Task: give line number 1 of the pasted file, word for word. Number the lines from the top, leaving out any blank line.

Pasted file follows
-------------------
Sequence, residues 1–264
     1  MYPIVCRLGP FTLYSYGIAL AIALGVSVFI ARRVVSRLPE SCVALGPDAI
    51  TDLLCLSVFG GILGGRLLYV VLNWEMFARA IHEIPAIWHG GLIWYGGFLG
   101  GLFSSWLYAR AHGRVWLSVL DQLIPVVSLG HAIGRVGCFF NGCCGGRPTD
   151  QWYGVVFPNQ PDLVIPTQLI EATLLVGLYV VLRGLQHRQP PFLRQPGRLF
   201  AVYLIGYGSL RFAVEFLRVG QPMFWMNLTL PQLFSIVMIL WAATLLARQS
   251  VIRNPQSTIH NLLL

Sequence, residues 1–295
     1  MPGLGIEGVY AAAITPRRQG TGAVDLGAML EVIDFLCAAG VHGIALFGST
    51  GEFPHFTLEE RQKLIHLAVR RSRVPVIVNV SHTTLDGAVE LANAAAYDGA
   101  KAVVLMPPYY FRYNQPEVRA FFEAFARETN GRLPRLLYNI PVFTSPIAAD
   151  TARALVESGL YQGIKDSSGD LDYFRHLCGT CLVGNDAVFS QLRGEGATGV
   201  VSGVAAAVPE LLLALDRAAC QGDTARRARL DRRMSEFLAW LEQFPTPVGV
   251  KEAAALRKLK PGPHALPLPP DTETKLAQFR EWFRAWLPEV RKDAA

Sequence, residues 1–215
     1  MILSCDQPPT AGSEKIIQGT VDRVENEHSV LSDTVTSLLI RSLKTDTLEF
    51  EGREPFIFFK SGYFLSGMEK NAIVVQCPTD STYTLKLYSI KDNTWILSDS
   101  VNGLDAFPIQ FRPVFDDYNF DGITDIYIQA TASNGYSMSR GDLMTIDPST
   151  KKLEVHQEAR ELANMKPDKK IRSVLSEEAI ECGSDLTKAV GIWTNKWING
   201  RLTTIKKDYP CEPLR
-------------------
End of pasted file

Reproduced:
Sequence, residues 1–264